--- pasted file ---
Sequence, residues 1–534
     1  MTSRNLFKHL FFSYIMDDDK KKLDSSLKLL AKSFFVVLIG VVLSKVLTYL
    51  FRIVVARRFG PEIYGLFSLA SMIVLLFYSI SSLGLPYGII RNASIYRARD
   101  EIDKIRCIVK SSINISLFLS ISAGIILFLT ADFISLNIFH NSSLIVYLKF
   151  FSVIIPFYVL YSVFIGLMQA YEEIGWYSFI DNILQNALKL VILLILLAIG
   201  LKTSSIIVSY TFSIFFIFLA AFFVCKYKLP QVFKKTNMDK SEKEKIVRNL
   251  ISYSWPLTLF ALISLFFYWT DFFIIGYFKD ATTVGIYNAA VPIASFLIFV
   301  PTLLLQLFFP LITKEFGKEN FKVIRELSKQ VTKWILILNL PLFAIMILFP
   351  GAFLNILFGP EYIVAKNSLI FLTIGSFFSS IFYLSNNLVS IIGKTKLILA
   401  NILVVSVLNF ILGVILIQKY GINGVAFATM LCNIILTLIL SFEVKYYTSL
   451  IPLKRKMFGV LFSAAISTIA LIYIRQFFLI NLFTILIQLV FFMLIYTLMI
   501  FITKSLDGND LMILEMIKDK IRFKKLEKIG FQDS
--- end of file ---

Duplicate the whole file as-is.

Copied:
Sequence, residues 1–534
     1  MTSRNLFKHL FFSYIMDDDK KKLDSSLKLL AKSFFVVLIG VVLSKVLTYL
    51  FRIVVARRFG PEIYGLFSLA SMIVLLFYSI SSLGLPYGII RNASIYRARD
   101  EIDKIRCIVK SSINISLFLS ISAGIILFLT ADFISLNIFH NSSLIVYLKF
   151  FSVIIPFYVL YSVFIGLMQA YEEIGWYSFI DNILQNALKL VILLILLAIG
   201  LKTSSIIVSY TFSIFFIFLA AFFVCKYKLP QVFKKTNMDK SEKEKIVRNL
   251  ISYSWPLTLF ALISLFFYWT DFFIIGYFKD ATTVGIYNAA VPIASFLIFV
   301  PTLLLQLFFP LITKEFGKEN FKVIRELSKQ VTKWILILNL PLFAIMILFP
   351  GAFLNILFGP EYIVAKNSLI FLTIGSFFSS IFYLSNNLVS IIGKTKLILA
   401  NILVVSVLNF ILGVILIQKY GINGVAFATM LCNIILTLIL SFEVKYYTSL
   451  IPLKRKMFGV LFSAAISTIA LIYIRQFFLI NLFTILIQLV FFMLIYTLMI
   501  FITKSLDGND LMILEMIKDK IRFKKLEKIG FQDS